Are You a Phone Addict While Driving?

Are You a Phone Addict While Driving?

Are You a Phone Addict While Driving? When cell phones were first getting popular, they were a novelty. We never imagined how indispensable these pocket computers would become or how much there would be to do with them in addition to than making phone calls. Now most of us have a hard time imagining life without a smartphone. We trust them with our calendars, our finances, our personal information, our diets—and our phones have turned into communication devices beyond anyone’s wildest imaginings. It’s no wonder we spend so much time staring at them. For many of us, it’s a regular habit to whip out our phones for the slightest reason, and maybe this is how we fall into the practice of using them while driving. It seems safe enough while you’re doing it. Sure, you’re a great driver—better than most—and you’re certainly capable of multitasking. This is what everyone tells themselves, but research proves that, in fact, humans are NOT capable of multitasking. Furthermore, new research has shown that many of us are so addicted to our devices that we have no idea how dangerous we are while using them behind the wheel. If you’re one of the “great drivers” who has no problem using a phone while driving, read on to find out if you’re a smartphone addict, and what it could mean for your safety.

Signs of Phone Addiction

Zendesk (a driving safety analytics company) recently released a report profiling what they call “phone addicts,” an emerging segment of drivers who:
  • Handle their phones four times as much as other drivers.
  • Spend six times longer looking at the screens of their devices while driving.
  • Take their eyes off the road for more than a fourth of the time they’re behind the wheel.
But let’s back up a step: before this new, phone-addicted type of driver emerged, the numbers were already bad. A steady increase in traffic fatalities since 2005 has been correlated to smartphone use by drivers, so all of us, addicted or not, do a poorer job of driving when we’re talking, texting, playing music, geolocating, facetiming or Facebooking. Bluetooth headsets don’t help, according to the research; even if your eyes are on the road, your mind still becomes distracted when you use a smart device. But phone addicts use their phones a lot more than normal drivers, dramatically increasing traffic risks. And 93 percent of them describe their driving as extremely safe. Research shows that this just isn’t true, yet, like any other type of addict, the addicted driver does not connect the danger with the behavior.

The Bluetooth Headset Myth

Although it seems like hands-free talking should reduce the risks associated with having a phone conversation while driving, the research results beg to differ. Yes, you do eliminate the additional risk of taking your hand off the wheel, but that still leaves a lot for the brain to process. Even with your hands on the wheel and your eyes on the road, your mind is not processing all the information. Instead, you’re using some of your brain power to process cognitive information from the phone call, drifting into mental scenarios from your discussion. This steals much-needed mental attention from the road and surrounding traffic, making you statistically as vulnerable as if you were holding your device or watching a video.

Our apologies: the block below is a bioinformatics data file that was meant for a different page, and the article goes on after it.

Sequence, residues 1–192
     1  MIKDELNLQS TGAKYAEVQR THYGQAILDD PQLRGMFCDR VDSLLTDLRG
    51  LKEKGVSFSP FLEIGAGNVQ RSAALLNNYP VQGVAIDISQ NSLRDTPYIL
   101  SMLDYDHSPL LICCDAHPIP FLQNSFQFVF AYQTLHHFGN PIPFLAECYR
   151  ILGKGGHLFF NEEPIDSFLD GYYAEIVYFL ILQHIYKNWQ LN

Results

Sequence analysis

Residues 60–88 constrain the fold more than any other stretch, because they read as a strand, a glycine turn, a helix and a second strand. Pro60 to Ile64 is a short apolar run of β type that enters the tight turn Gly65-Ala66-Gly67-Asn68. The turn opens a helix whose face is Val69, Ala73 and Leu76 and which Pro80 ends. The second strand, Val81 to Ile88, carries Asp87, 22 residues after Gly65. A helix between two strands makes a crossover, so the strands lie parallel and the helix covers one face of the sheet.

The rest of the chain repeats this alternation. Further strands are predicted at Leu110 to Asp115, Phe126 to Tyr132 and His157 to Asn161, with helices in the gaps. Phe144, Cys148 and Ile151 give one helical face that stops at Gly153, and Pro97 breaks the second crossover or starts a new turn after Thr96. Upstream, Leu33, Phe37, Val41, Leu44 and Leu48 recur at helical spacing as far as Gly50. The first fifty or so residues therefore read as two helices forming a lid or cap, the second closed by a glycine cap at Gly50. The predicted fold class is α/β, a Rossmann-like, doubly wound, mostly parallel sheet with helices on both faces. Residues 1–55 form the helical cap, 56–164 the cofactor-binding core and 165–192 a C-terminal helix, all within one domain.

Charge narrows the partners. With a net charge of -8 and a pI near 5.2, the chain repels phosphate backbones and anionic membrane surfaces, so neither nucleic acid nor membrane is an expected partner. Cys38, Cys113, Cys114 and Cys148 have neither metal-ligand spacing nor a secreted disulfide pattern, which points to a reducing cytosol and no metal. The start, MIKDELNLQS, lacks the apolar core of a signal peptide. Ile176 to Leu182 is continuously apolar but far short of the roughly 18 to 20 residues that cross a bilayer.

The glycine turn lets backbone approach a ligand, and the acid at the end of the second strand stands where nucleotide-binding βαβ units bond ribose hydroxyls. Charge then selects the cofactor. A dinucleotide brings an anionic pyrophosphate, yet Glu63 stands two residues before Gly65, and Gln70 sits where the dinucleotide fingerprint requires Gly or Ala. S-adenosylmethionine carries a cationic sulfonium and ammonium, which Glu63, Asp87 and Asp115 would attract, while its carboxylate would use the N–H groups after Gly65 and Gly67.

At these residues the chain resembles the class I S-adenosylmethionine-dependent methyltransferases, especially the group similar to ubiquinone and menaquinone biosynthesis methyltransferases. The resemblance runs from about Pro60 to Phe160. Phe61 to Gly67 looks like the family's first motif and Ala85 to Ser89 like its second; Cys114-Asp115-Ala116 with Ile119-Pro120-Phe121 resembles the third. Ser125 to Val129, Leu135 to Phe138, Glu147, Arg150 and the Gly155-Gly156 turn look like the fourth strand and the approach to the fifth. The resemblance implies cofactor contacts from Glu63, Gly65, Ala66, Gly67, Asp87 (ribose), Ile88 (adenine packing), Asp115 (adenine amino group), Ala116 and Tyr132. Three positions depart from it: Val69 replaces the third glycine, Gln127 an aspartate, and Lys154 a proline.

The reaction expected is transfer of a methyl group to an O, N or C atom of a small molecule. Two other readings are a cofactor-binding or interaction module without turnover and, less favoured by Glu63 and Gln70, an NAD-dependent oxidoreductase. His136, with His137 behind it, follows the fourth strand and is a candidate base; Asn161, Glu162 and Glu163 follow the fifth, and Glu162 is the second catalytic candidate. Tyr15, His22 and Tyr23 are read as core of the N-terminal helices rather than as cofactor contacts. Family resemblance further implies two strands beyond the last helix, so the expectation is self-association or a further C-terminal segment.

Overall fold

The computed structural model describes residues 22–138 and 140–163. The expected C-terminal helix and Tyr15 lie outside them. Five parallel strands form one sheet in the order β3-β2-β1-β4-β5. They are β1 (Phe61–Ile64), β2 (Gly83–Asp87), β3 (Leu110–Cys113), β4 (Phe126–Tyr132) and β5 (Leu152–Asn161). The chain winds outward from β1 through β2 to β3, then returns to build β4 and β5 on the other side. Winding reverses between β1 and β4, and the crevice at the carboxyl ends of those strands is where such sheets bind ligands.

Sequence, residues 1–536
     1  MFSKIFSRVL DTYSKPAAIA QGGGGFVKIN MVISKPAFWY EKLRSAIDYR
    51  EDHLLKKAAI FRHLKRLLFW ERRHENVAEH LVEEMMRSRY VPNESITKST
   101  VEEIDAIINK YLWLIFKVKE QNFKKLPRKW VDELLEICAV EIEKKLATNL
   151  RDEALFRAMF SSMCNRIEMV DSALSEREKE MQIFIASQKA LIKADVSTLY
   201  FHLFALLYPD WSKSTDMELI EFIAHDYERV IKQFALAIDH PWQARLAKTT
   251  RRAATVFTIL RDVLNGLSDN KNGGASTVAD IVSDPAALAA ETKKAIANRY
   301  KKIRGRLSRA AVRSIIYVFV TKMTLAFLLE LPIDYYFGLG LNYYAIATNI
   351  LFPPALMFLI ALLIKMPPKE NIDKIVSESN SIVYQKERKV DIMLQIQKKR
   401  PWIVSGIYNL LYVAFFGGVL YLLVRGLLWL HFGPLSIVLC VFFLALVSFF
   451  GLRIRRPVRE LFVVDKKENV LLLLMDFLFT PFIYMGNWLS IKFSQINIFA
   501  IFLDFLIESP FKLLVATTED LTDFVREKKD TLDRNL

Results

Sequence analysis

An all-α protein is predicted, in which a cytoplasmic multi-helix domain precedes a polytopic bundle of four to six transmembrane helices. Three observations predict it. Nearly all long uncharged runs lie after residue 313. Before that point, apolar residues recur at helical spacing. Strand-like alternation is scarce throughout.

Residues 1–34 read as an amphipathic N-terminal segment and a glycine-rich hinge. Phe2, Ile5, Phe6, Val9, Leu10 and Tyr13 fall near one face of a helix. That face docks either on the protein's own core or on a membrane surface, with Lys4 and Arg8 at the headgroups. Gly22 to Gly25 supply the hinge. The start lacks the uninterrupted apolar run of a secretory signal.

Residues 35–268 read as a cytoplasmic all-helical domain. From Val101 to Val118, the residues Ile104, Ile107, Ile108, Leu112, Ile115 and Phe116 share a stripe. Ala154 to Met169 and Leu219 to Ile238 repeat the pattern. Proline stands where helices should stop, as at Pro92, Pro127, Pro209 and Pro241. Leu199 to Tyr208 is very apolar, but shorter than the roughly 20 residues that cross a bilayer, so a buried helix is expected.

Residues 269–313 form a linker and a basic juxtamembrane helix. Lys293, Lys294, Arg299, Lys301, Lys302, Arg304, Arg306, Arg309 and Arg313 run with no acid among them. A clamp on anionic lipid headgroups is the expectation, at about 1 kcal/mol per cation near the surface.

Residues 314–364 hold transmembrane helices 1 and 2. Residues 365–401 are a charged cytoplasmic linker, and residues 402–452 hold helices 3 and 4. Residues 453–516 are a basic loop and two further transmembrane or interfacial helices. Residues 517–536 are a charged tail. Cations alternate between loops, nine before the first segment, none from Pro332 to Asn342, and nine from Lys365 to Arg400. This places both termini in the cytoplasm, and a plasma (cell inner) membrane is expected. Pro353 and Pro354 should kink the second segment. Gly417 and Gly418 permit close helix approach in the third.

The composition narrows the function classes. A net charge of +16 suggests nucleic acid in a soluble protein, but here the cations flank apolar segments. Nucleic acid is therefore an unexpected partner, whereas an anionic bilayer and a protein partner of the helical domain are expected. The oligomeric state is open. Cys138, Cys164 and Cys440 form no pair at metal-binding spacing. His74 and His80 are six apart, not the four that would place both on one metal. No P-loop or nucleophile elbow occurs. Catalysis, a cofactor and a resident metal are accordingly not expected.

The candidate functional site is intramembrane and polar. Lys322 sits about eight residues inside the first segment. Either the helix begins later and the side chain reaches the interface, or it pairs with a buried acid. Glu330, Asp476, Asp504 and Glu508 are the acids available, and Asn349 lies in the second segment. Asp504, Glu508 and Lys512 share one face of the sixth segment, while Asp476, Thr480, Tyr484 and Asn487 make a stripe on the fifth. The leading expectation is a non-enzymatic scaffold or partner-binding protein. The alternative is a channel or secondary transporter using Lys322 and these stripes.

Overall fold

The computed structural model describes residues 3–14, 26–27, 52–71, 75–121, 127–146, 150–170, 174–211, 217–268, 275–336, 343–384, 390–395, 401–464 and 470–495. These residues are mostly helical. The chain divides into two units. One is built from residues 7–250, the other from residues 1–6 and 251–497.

The Multitasking Myth

In today’s digital world, it’s common to hear people brag about how well they can multitask. But the truth is, while our brains are accustomed to changing tasks more rapidly than they used to be, we’re still just doing one thing at a time. Computers can function with multiple processors, but we have only one. We don’t multiprocess; what we actually do is rapidly juggle. So what does this do to our driving focus? Studies have proven that, when we add a second task to driving, some of the attention we were giving our driving is reassigned. There is also a switching time between the thoughts you are devoting to your phone and the thoughts devoted to driving, so more attention time is sacrificed as we “multitask.” These switch times take roughly a tenth of a second, and when you are multitasking at 60 mph, they add up to critical losses of attention span that can mean the difference between life and death. We don’t notice that we’re absorbing less driving information because of a phenomenon called “inattention blindness,” which makes it impossible to know what we’re missing while we’re missing it. When we talk on the phone and look ahead at the road, we think we’re seeing everything in our surroundings, but our brains don’t properly process most of that visual information. MRI tests were performed on the brains of drivers while alone, and then again while listening to a conversation, and researchers saw a 37 percent reduction of activity in the brain’s parietal lobe, which is associated with driving. Photos comparing brain activity in the parietal lobe while driving alone with reduced activity while listening to someone talk.